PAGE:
Monday, September 29, 2008

How Will She Vote?

Still no word from either candidate on the Wall Street bailout bill. That's understandable--the language wasn't finalized until about twelve hours ago.

While it's always risky to try to infer Sen. Collins' position on legislation from her public statements, here's a stab at it.

First, to recap: After several days of flailing, Collins began parroting Rep. Allen's talking points on the bailout bill. She followed Allen in calling for curbs on executive compensation, taxpayer protections and more oversight.

It was a transparent effort by her camp to eliminate any daylight between the candidates on the issue.

But on one point, she was unwilling to echo Allen. And it leads to a conspicuous difference.

Namely: From the beginning, Allen had asked for a "lifeline" for homeowners. He later spelled out that criteria, calling for the legislation to include--in the words of PPH reporter Matt Wickenheiser--"authority for bankruptcy judges to modify the terms of mortgages on first homes."

It's not hard to understand why Collins refused to parrot that demand: For her friends in the real estate, financial and construction industries, it crosses a bright line.

And guess what: The real estate, banking and construction industries won. After heavy lobbying, the bankruptcy provision was excised. It didn't make it into the final draft.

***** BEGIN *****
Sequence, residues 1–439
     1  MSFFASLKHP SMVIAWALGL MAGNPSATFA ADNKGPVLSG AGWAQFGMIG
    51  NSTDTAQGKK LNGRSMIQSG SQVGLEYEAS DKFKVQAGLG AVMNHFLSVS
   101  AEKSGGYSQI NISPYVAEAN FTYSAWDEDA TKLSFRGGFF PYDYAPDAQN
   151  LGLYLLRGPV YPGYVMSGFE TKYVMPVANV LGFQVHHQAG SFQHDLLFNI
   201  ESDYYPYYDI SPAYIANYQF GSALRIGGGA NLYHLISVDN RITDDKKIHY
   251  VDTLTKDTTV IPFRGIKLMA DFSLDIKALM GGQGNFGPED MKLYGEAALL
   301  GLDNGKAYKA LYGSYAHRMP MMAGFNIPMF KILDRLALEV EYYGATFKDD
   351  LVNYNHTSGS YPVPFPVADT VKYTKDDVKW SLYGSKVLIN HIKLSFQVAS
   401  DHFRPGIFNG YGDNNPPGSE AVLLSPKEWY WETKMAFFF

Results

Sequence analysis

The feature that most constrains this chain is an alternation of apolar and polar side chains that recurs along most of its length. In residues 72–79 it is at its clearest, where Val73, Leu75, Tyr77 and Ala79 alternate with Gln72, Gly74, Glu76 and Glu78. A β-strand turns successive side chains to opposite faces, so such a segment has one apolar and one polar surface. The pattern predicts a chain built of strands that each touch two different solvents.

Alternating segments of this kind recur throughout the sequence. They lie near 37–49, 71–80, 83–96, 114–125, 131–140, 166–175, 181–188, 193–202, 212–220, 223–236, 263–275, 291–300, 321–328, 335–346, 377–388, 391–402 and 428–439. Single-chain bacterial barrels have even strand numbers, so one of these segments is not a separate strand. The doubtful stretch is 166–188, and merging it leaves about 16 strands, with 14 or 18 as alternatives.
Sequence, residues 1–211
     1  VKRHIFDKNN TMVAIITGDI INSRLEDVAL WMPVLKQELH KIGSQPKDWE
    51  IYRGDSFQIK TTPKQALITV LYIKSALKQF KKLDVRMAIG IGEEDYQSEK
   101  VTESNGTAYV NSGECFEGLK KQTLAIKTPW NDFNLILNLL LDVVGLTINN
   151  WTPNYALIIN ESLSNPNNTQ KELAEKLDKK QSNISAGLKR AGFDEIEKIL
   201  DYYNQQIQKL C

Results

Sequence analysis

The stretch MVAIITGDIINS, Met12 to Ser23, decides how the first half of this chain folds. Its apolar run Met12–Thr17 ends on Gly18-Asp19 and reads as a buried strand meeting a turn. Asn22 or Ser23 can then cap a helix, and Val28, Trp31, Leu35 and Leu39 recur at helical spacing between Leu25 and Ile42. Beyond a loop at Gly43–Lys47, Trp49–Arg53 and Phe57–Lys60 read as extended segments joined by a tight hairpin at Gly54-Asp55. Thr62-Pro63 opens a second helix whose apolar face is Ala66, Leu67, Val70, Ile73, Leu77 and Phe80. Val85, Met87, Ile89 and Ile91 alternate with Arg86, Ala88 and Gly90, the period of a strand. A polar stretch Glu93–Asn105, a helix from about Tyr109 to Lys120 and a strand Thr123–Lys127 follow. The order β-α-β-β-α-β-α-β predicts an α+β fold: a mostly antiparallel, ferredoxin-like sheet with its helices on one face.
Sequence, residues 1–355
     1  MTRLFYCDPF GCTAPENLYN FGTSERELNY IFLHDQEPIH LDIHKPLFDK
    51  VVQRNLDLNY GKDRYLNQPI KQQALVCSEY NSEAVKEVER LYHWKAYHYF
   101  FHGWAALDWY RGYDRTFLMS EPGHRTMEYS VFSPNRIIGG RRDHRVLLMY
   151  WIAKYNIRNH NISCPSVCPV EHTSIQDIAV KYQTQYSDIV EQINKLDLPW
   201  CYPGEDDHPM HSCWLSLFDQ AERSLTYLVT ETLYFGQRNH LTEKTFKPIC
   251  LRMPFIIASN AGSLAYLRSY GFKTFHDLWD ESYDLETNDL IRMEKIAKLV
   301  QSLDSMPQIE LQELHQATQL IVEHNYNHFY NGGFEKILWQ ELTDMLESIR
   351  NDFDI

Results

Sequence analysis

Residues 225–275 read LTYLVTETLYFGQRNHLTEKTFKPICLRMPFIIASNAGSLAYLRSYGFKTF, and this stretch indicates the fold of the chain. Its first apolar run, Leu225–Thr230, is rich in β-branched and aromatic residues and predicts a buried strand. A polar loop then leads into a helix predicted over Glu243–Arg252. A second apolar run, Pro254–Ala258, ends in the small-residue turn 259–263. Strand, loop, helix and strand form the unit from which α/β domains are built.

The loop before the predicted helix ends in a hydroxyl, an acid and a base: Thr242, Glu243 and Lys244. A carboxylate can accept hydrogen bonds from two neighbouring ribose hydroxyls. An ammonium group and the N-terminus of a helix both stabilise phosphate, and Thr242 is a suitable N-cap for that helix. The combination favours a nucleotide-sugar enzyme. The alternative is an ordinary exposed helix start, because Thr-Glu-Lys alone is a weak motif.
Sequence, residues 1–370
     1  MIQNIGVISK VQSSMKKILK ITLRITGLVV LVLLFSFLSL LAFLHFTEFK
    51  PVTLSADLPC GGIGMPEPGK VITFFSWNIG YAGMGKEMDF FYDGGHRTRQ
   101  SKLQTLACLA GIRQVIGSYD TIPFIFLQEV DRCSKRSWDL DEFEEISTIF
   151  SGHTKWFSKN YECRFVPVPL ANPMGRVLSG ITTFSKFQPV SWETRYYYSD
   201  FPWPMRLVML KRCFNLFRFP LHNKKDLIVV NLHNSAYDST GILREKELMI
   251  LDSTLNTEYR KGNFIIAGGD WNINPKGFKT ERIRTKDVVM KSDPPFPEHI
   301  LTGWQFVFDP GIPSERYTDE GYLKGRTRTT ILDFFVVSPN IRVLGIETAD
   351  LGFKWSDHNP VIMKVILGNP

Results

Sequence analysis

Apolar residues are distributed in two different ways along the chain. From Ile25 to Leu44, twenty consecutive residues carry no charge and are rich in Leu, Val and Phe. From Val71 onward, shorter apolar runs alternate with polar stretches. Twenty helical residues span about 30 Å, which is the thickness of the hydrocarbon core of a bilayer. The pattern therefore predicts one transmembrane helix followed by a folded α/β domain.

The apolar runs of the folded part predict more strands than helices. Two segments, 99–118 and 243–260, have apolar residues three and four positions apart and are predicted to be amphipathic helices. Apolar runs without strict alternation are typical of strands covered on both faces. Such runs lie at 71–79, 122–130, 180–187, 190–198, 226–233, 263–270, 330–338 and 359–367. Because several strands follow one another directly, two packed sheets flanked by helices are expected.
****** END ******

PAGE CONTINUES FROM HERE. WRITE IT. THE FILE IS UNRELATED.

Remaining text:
So Allen has plenty of reason to vote against the legislation. By contrast, all of the principles Collins enunciated have been met.

What's more, the bill is quintessentially bipartisan: It's an almost paradigmatic example of centrist legislation, crafted with strong input from both sides of the aisle and the White House.

In short, it's the product of just the kind of consensus-building process that Collins has made a career out of fetishizing. So it's hard to see how the junior senator could avoid voting for it.

Of course, it also gives Collins' big business allies and patrons most of what they want. And after spending eight years enthusiastically supporting economic policies designed to widen the gap between the rich and everyone else, it would seem like election year pandering for her to turn around and abandon her Wall Street friends.

So Collins looks like a likely bailout supporter to us. Allen has a bit more room to maneuver, but it would make plenty of sense for him to oppose it.

We'll know where things stand soon enough.

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